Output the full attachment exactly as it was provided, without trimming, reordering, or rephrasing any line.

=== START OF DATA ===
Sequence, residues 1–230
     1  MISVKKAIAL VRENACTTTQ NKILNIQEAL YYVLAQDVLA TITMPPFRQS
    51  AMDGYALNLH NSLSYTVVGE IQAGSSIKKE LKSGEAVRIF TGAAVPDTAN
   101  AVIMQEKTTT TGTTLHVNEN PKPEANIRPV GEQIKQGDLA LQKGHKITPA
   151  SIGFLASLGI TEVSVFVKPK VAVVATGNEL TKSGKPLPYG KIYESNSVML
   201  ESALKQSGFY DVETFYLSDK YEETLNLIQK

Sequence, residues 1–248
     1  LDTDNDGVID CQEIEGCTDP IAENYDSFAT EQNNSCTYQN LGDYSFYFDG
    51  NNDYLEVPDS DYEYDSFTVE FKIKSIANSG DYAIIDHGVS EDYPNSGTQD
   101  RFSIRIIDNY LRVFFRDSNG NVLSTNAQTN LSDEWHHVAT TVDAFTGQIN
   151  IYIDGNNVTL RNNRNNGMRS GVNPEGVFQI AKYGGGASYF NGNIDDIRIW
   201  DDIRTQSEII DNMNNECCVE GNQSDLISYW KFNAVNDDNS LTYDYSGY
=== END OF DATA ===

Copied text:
Sequence, residues 1–230
     1  MISVKKAIAL VRENACTTTQ NKILNIQEAL YYVLAQDVLA TITMPPFRQS
    51  AMDGYALNLH NSLSYTVVGE IQAGSSIKKE LKSGEAVRIF TGAAVPDTAN
   101  AVIMQEKTTT TGTTLHVNEN PKPEANIRPV GEQIKQGDLA LQKGHKITPA
   151  SIGFLASLGI TEVSVFVKPK VAVVATGNEL TKSGKPLPYG KIYESNSVML
   201  ESALKQSGFY DVETFYLSDK YEETLNLIQK

Sequence, residues 1–248
     1  LDTDNDGVID CQEIEGCTDP IAENYDSFAT EQNNSCTYQN LGDYSFYFDG
    51  NNDYLEVPDS DYEYDSFTVE FKIKSIANSG DYAIIDHGVS EDYPNSGTQD
   101  RFSIRIIDNY LRVFFRDSNG NVLSTNAQTN LSDEWHHVAT TVDAFTGQIN
   151  IYIDGNNVTL RNNRNNGMRS GVNPEGVFQI AKYGGGASYF NGNIDDIRIW
   201  DDIRTQSEII DNMNNECCVE GNQSDLISYW KFNAVNDDNS LTYDYSGY